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potentially bigger problem or maybe the flipside of that, a bigger prize in picking somebody like tim kaine, who is much more moderate as gloria talked about on issues like trade, even some social issues, but that could help her in reaching out to not just independents but republicans who are disillusioned with the trump candidacy and are looking for somewhere else to go. so it's that, but there's also something that you can't underestimate which is the map. not only is he from virginia and very very popular there, which is an important state, that she wants to kind of obviously put in her corner. they are in florida, going to florida, having a bi there tomorrow. that is a crucial, crucial state. so with virginia and florida, the map is much, much harder for donald trump to win with other states, even with, you know, never mind ohio but pennsylvania and others, he would have to get a whole bunch of states that are kind of toss-ups in his corner. so there's the politics but also, the thing i think we need
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to keep in mind is that this is also hillary clinton doubling down on pick us, we can govern. we are a solid team, i'm sure she will say something along these lines. yes, they're insiders but the flipside of being an insider is somebody with experience and a team with experience. that is her main message already against donald trump and this just kind of amplifies it. >> stay with us. want to bring back the rest of our political panel. christine, tara, scottie and alex. christine, you are a clinton supporter. happy with this choice? >> i'm very happy. i'm most happy with this choice because i really think it was hillary's choice. i think this is the person she wanted. >> the person she's most comfortable with. >> without a doubt. i think you can even see that when they're onstage together. she really looks like she's having fun. that's the most important thing. second, i'm very happy with the choice because he's somebody who has been there on the issues that i and so many democrats care deeply about.
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on gun control, on lgbt rights, on a woman's right to choose. he's someone who has always been in the right place and such a stark contrast to pence on the republican side, who has been in all of the wrong places. his voting record is perfect. that's an important thing to hear a person say, that he has his personal opinion but he understands the distinction between your personal opinion and what the law should be that affects others. >> -- who say they wanted more of a sanders or warren, what do you say? >> there's been a lot of conversation throughout the whole primary season about will hillary get the bernie supporters. all of the polling shows that we have gotten almost all of the bernie supporters. and part of that was because in the platform process, secretary clinton and her campaign were very respectful, consulted with the senator, brought his people in and i have no doubt that we are going to come out of this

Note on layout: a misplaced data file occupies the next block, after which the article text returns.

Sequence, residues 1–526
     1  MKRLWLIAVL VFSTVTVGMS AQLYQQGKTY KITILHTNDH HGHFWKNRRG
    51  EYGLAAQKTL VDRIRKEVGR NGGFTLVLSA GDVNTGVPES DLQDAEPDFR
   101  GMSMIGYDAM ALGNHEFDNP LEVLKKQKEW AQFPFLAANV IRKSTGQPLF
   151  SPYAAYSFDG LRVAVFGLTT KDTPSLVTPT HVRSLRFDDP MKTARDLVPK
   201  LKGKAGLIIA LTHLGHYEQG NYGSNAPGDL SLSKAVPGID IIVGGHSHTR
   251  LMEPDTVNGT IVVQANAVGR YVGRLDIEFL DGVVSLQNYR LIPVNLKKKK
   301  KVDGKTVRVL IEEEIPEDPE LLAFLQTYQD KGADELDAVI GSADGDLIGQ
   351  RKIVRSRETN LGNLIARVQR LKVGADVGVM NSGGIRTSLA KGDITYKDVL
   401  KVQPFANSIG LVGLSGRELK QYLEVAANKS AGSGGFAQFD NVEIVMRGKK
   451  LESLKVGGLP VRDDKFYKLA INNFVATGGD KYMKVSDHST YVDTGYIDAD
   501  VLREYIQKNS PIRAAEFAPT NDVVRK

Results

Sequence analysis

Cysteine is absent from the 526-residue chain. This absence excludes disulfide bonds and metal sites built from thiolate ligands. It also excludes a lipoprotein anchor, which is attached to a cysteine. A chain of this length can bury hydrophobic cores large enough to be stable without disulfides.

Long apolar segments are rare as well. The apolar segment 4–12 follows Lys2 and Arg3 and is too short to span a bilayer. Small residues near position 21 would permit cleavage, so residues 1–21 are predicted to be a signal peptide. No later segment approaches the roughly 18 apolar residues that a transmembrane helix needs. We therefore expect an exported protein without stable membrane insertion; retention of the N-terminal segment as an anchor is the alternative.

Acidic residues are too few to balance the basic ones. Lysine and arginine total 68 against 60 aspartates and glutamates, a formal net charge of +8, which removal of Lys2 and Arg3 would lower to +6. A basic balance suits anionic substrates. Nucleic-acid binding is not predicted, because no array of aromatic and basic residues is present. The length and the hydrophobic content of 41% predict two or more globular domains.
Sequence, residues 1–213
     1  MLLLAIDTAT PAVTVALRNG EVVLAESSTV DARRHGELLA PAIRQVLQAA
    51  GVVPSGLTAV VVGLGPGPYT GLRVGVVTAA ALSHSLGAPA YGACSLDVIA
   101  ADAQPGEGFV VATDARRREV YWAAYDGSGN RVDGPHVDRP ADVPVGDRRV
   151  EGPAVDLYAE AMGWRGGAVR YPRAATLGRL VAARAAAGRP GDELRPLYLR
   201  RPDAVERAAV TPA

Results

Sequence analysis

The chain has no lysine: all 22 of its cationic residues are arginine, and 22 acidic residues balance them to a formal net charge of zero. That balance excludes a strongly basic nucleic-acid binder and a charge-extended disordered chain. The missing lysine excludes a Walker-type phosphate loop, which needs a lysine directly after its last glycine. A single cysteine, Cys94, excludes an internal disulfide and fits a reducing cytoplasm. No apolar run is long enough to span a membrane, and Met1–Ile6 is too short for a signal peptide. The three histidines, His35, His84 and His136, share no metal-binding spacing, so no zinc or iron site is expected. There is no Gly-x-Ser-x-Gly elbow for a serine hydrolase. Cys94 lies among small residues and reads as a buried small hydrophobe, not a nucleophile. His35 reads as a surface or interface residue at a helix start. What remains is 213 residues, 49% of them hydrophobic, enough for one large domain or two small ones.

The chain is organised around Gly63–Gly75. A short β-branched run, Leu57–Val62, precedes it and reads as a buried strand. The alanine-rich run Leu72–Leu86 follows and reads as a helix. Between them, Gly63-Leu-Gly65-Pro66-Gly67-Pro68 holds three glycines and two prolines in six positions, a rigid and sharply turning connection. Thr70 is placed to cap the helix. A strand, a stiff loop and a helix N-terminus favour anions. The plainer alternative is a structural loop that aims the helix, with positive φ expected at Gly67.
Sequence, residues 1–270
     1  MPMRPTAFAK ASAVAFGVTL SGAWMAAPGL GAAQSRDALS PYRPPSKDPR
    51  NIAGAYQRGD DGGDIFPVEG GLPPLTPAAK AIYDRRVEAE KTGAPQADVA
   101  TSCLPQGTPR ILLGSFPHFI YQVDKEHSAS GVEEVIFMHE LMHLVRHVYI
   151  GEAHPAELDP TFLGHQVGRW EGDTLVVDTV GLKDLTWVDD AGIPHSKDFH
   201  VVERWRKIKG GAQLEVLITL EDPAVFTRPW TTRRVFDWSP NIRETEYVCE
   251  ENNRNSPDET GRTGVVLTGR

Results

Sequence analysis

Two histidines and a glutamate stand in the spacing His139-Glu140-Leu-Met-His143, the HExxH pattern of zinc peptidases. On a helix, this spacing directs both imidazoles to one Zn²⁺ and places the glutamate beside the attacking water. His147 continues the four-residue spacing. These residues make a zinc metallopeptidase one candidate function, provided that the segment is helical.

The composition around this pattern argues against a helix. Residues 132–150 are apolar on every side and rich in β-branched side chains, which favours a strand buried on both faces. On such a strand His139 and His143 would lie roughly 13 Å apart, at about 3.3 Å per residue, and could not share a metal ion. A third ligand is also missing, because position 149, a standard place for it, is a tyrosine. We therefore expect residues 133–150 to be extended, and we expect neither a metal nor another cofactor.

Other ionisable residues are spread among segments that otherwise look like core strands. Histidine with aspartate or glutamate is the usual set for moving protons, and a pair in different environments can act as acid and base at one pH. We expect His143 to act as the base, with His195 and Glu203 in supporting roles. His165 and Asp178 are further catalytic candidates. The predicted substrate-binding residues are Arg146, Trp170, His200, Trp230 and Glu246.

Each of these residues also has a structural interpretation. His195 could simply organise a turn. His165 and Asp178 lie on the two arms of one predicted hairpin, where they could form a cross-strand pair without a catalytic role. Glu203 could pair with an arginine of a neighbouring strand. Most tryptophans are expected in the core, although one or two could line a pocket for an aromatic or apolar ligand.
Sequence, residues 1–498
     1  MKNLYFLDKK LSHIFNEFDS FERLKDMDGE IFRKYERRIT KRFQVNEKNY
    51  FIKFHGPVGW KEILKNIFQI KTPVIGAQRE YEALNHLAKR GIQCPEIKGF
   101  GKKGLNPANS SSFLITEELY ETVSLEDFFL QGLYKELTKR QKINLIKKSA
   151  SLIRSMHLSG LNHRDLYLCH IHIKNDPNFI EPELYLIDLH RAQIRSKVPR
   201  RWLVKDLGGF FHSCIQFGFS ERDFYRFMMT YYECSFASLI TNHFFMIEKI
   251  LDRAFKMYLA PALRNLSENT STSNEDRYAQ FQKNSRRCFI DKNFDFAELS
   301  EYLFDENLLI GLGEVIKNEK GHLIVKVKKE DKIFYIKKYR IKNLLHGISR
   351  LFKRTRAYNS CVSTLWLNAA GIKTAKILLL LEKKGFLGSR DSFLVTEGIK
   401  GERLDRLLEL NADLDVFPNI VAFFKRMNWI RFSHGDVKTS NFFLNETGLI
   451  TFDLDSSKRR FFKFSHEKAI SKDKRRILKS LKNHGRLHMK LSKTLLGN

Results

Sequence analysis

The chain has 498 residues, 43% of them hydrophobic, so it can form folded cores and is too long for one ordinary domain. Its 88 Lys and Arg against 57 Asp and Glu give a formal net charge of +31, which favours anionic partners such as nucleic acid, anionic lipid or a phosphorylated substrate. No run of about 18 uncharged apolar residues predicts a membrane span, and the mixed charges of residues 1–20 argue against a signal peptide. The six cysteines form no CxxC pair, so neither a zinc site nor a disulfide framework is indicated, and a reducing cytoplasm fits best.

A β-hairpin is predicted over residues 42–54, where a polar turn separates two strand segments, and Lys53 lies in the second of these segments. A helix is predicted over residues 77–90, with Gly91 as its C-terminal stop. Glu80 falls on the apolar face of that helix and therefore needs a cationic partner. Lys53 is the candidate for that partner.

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campaign more united because the substance is there. >> alex, there are a lot of people when they hear a politician say this is about governing and this is the person who can step in, donald trump sort of mocked that answer, saying that's what politicians always say. do you think this really was about governing, or is this about politics? >> i think it's about both. i think in a lot of ways, governing is the political message here, that if you are hillary clinton, clearly you have made the choice that you are never going to be able to get away from the fact that you are a career politician, a washington insider who has been in public life for 30 years. what you need to do with the vice presidential choice is try to persuade voters to see that experience differently, to see it as a reflection of seriousness and sobriety in government as opposed to being out of touch and insular. we will see whether he can deliver that message tomorrow. >> it's certainly something donald trump will harp on. >> exactly. we have already seen it's an outside establishment year. she picked somebody just like her. i have this real question about comfort. i can tell you as a trump supporter i'm very happy with
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the pick because i think this makes it a very easy argument to say why you need trump/pence. i was more concerned about cory booker who is very energetic or you look at julian castro. he is hispanic. if that's the way you would try to get that vote -- >> he doesn't actually speak spanish. >> but he's actually hispanic. >> we kind of win on the diversity of the ticket thing. hillary clinton, first woman. >> it's more than that. it's all about, these are politicians, status quo politicians. more of the same. >> you are conservative, not a trump supporter. do you think it's too safe a choice? >> i think it remains to be seen because this election has become such a cult of personality election. and this discussion now, cory booker or julian castro, that